Yet when it comes to local listings, Realm found that many houses, despite their varying exterior and interior designs often have a few features in common. You might think that the harsh New England winters would drive the focus indoors, but with fewer warm months, Boston homeowners do their best to make the most of their good weather. Realm’s data analysis shows that decks are the most popular amenity in the Boston housing market, with mentions in 53 recent real estate listings. Patios ranked third in popularity, mentioned in 31 listings, and landscaping was mentioned in another 18 listings. Given the city’s cold winters, it’s no surprise that roofing (32 mentions) and HVAC work (19 mentions) rounded out the top five most popular features. This is also comforting since a city like Boston can have a lot of older homes on the market.
Unsurprisingly, given the city’s age, Realm’s data analysis found that many of the homes in the city date back to the late 19th-century. In fact, most homes in the city were built in 1890. It’s very important for potential homeowners in Boston to find a home inspector who has experience assessing older homes. These historic homes can hold lots of charm and beauty, but there can be serious structural problems lurking below — which could be costly to repair.
Just like any home, the foundation will need a close inspection. Wood beams that are integral to the home may have decayed due to age, rot, ants, termites, or the effects of weather or water. The foundation will have settled over time, which can lead to uneven flooring or plaster cracks in the walls. An 1890s house may need stabilization to make the home level and even, but the good news is that this usually isn’t too much of a financial burden. Specifically in the Back Bay and South End areas of Boston, there has been an issue with rotting pilings. These neighborhoods were built on a landfill and the wooden pilings need to remain submerged in water, otherwise, they will rot and snap. This became an issue when a drought in 2016 dried out much of the water the pilings were sitting in. If you’re looking at homes in those two neighborhoods, pay extra attention to the foundation.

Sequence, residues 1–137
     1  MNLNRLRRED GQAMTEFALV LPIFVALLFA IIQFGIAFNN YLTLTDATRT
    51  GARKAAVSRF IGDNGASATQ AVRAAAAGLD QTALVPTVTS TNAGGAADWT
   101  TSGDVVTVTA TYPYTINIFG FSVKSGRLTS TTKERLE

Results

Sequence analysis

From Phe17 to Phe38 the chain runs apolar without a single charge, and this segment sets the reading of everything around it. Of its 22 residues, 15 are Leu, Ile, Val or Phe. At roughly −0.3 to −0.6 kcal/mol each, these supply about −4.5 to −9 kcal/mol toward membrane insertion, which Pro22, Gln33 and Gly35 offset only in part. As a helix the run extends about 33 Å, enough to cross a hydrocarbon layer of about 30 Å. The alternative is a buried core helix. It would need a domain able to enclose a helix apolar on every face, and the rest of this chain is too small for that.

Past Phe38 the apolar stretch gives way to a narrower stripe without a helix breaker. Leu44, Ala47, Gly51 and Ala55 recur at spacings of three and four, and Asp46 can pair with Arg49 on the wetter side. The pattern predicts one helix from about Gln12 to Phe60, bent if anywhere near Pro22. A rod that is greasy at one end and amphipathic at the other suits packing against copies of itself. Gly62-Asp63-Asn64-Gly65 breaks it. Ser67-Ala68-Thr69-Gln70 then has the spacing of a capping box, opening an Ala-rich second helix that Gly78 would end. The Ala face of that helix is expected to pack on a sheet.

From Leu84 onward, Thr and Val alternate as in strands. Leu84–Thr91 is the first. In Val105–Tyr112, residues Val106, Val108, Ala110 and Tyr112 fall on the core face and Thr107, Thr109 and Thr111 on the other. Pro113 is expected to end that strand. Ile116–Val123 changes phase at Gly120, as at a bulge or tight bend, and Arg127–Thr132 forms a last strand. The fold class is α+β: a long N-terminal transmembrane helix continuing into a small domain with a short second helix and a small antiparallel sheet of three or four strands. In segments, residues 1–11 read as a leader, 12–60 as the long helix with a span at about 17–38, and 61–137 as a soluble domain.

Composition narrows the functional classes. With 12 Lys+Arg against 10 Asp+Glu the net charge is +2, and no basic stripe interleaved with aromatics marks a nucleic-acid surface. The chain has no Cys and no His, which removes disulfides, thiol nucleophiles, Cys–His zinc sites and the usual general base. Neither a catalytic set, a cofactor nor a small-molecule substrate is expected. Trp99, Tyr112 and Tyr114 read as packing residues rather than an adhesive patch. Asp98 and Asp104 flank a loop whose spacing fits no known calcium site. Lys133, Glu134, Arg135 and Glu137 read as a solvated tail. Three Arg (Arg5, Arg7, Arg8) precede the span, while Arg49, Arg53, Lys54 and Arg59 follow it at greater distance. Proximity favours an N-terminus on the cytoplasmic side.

Another thing to look out for in older homes: undersized rafters in the roofing, which can lead to visible dips in the roofline and will require bracing. This can be more difficult depending on what kind of living space exists directly below the roof. If it is an uninhabited attic, it’s usually not so bad, but if it is a finished room, the bracing may be more expensive and timely to complete.
Older homes may have leaky windows from warped wooden trims or wooden siding that’s expensive to maintain. The siding needs to be repainted every seven years, and over time, it will warp and crack.